Russia Denies TV Report that British Submarine Began Rescue Bid
The Russian navy denied a report by private television station NTV that a British mini-submarine began diving down to the crippled Kursk nuclear submarine early Monday.
An NTV correspondent in the nearest port, Murmansk, said earlier that the British LR5 submersible began its descent at around 7:00 am (0300 GMT) to the stricken submarine lying on the bottom of the Barents Sea at a depth of 108 metros (355 feet).
Northern Fleet commander Admiral Vyacheslav Popov denied that report in an interview with RTR television.
Meanwhile, Norwegian deep-sea divers have opened the nuclear submarine's rear escape hatch but there was no immediate sign of any of the crew, a Northern Fleet press spokesman said.
Russian officials had said earlier that they believed a body was trapped in the airlock.
The divers returned to the surface to decide on the next move in the rescue operation, spokesman Vladimir Navrotsky said.
Popov said "the next stage will be to open the lower airlock of the escape hatch" which will enable rescuers to get inside the submarine's ninth compartment.
He added that he believed this compartment behind the escape hatch was flooded.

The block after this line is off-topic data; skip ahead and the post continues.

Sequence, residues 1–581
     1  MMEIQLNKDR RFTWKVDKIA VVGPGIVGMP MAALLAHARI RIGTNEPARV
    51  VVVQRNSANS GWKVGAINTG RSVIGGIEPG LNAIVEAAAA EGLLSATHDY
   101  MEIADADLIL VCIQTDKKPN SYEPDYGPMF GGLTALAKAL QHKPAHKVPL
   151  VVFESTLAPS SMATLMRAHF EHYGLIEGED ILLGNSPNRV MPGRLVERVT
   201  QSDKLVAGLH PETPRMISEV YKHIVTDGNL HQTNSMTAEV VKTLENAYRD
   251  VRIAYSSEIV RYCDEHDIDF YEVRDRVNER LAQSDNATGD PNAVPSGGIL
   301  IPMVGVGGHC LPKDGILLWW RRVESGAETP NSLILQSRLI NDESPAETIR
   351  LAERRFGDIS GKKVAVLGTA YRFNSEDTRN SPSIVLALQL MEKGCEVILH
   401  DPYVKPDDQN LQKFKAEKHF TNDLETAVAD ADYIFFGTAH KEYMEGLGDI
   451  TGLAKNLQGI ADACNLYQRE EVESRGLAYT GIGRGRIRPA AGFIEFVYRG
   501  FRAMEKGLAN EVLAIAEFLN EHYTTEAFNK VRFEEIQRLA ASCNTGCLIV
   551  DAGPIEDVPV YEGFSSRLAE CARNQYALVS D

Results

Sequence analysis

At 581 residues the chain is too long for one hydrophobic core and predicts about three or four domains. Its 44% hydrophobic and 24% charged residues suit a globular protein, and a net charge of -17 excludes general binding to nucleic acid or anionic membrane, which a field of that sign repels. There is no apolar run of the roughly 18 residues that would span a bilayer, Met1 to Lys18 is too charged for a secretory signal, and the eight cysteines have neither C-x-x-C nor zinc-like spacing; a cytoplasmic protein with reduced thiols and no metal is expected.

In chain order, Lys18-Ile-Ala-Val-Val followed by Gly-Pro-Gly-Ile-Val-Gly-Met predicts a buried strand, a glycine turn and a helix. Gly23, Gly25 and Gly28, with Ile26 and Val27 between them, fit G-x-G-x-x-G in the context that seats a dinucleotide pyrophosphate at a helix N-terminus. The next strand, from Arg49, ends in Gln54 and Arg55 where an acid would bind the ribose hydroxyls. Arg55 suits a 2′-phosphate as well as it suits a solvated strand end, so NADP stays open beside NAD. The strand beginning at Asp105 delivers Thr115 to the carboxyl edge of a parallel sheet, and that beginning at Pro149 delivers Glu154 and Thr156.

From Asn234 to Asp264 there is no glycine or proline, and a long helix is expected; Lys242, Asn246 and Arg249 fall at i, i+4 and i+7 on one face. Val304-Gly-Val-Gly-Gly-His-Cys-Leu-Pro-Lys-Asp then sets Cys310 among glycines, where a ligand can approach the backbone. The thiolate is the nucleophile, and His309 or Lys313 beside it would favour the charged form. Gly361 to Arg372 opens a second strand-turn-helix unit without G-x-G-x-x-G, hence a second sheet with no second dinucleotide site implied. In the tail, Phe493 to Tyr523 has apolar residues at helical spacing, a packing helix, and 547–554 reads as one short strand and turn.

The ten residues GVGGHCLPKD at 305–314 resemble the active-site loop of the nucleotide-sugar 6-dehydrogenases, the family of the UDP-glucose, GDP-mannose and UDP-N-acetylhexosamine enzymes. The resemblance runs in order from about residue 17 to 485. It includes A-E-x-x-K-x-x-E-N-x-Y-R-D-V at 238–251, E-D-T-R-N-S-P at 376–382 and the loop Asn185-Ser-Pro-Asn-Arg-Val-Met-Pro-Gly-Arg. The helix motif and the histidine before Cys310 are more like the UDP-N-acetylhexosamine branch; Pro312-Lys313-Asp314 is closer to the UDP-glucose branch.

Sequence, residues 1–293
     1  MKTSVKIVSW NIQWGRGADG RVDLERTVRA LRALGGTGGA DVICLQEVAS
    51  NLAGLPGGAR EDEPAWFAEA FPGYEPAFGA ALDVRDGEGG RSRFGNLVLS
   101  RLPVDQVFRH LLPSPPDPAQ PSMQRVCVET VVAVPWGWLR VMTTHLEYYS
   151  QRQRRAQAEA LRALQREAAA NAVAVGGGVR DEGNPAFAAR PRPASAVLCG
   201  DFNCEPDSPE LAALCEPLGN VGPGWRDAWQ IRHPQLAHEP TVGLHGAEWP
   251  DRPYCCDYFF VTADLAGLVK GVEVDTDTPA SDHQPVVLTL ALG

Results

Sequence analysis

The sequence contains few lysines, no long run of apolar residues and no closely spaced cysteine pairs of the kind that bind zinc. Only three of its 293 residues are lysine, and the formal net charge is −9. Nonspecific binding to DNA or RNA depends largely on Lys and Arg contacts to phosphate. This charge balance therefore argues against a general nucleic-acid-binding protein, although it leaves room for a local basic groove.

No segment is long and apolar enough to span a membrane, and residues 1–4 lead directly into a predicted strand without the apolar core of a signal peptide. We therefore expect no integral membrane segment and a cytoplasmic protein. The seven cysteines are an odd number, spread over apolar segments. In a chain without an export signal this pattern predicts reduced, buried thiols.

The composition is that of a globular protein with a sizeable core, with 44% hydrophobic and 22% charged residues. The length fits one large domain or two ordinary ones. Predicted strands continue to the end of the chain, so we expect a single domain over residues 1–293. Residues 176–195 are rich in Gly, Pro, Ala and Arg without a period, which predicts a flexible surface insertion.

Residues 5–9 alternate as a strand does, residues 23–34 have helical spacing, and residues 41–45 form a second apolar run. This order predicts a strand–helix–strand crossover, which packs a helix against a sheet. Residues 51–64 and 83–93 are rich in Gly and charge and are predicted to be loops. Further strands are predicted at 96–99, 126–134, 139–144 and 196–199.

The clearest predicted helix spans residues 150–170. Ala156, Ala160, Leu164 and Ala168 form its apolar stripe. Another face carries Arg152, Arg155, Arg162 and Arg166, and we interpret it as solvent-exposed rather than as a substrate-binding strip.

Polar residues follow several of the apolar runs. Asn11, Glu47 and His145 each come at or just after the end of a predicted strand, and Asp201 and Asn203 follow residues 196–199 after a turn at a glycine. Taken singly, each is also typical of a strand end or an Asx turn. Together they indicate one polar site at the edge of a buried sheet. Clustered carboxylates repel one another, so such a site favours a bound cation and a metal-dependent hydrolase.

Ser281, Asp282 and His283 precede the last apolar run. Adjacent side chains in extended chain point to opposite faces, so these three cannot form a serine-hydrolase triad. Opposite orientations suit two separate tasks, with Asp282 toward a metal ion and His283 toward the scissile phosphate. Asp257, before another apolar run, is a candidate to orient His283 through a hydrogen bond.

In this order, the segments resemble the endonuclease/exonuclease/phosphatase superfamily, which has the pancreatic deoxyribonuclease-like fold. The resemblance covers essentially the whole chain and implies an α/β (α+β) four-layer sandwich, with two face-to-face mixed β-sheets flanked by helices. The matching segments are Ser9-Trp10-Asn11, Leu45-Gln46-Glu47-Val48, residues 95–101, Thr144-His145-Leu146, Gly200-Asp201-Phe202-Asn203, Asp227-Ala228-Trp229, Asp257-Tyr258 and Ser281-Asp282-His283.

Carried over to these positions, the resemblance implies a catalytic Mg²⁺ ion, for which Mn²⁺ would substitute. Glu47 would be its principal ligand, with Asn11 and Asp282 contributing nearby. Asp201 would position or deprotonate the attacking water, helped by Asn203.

"My personal view is that the compartment is flooded with water," the admiral said.
Popov said that some of the Norwegian divers had accepted to go inside the Kursk to rescue any survivors among the 118 crew.
But "the situation has changed," with the opening of the escape hatch and the rescuers will have to consider of what use LR5 can be, said Popov. The British mini-sub's mission was precisely to open the hatch, he added.
In Norway, authorities confirmed Monday that deep-sea divers had opened an escape hatch to the Kursk.
"The hatch is now open following work done during the night," John Espen Lien, spokesman for the Norwegian Navy, told AFP.
"We did not find a body inside," Lien said.
Norwegian authorities are in direct contact with the team of specialized "saturation" divers working on gaining access to the submarine wreck.
The Kursk is lying at the bottom of the Barents Sea, after two explosions, and a possible collision with an unidentified object, sent the submarine plunging to the sea bed on August 12th - MOSCOW (AFP)
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